Hamas Reportedly Used Crypto to Finance Attacks; Israeli Officials Freeze Assets on Binance

By Aaron Feuerstein October 11, 2023 In Binance
Image: Adobe Stock


  • Hamas used Binance to fund its attacks on Israel, the exchange says it fully cooperates.
  • Palestinian accounts are unaffected, only those directly linked to terror organisations.
  • Hamas is officially designated a terrorist group, requiring all financial institutions and crypto exchanges to comply with authorities.
  • Binance faces its own legal challenges in several jurisdictions.

As Hamas attacked Israel over the weekend, followed by Israel’s declaration of war, reports indicate that security forces have struggled to keep pace with terrorist funding.

According to the Times of Israel, Israel Police’s Lahav 433 unit, together with the National Bureau for Counter-Terror Finance (NLCTF) and the Ministry of Defence, the Shin Bet, has frozen several crypto wallets belonging to the terrorist organisation.

Binance Working Around the Clock to Assist

Sources suggest that Hamas had accounts on Binance, and the exchange cooperated with the authorities.

A police statement read, “The Cyber Unit and the NLCTF immediately embarked on locating the accounts and freezing them, with the assistance of the Binance crypto exchange, in order to redirect the funds to the state treasury.”


Reuters reported that approximately 190 crypto accounts on Binance have been seized since 2021. At least two accounts were linked to Islamic State and Hamas-affiliated companies in Palestine.

Binance released a statement indicating their close collaboration with law enforcement in combating terror financing. A spokesperson added,

Over the past few days our team has been working in real time, around the clock, to support ongoing efforts to combat terror financing.

Binance Spokesperson

Hamas is The Target not People of Palestine

Hamas is a terrorist organization under United Nations Security Council Resolution 1373, which has significant implications for banks and financial institutions.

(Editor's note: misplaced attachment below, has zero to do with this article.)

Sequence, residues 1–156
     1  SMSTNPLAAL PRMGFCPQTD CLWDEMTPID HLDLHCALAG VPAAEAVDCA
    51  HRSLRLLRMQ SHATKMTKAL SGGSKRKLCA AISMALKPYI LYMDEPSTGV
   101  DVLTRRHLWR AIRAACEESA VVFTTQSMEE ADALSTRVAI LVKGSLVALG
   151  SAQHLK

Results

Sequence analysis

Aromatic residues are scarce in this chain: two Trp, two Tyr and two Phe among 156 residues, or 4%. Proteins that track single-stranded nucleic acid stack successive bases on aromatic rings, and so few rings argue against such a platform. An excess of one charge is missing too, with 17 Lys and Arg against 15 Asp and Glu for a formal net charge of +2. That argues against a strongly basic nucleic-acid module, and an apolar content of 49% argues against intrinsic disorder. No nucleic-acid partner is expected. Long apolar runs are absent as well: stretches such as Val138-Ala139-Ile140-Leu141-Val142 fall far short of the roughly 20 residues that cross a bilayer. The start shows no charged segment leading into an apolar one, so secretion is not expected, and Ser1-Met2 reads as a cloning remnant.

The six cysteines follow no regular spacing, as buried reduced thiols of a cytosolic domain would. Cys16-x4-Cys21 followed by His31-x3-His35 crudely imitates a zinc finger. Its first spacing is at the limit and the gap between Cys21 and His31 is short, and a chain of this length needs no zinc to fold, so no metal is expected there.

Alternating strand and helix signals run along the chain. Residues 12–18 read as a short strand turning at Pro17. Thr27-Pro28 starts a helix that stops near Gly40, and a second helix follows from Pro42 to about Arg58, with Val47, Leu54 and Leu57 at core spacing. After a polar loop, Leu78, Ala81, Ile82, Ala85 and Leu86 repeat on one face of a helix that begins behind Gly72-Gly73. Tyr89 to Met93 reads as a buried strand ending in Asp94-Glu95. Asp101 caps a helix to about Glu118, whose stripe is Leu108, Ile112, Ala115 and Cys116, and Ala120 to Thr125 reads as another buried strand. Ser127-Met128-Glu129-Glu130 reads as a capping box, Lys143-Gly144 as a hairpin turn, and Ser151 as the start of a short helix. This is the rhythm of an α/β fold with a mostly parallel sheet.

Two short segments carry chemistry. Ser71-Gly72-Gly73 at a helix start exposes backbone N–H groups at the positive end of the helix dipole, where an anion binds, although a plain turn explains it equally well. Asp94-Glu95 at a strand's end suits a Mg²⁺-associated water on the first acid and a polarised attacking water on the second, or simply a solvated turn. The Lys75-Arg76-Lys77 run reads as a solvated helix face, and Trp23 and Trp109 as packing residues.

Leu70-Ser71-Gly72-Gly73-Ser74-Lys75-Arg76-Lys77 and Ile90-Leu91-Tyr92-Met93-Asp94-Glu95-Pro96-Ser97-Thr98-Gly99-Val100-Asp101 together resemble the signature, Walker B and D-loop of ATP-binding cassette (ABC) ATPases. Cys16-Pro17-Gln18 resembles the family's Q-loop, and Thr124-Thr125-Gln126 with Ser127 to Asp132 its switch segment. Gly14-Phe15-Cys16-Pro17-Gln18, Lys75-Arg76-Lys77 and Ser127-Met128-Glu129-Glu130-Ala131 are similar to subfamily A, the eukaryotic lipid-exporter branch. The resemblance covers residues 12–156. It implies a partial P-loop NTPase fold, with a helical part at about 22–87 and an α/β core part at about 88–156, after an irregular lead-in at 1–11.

Yi He, co-founder of Binance, clarified that Hamas is not synonymous with Palestine, and Palestinian accounts have not been affected. He emphasized that all exchanges must comply with authorities concerning terror-related financing.

He explained, “Palestine has an organised government. Hamas is a local militant group. They kill civilians; that’s the problem. Therefore, any organisation, including banks and trading platforms, will need to cooperate on the receipt of freeze requests. This is not something Binance can decide on its own.“

Binance is currently involved in a legal battle with the United States Securities and Exchange Commission (SEC) over allegations of selling unregistered securities. In March 2023, the U.S. Commodity Futures Trading Commission (CFTC) also accused Binance of violating the Commodity Exchange Act (CEA) and CFTC regulations.

Additionally, a secret filing in August in the SEC vs. Binance case has raised some suspicions regarding potential criminal investigations by the U.S. Department of Justice (DOJ).

In internal communications, Binance’s head of compliance, Samuel Lin, commented that small transactions by groups like Hamas were not of significant concern. This was in response to Binance receiving information about Hamas conducting transfers on the platform.

Lin noted at the time that only larger amounts of money would fall under money laundering provisions. He said, ” [terrorists] can hardly buy an AK47 with $600.”

Aaron Feuerstein

Aaron Feuerstein

Aaron Feuerstein is a freelance writer based in Melbourne. His focus is on decentralised finance and the regulatory space surrounding blockchain. He holds a Master's in Accounting. When he is not studying the latest legal case, he enjoys his time as a modest but eager hobby cook.

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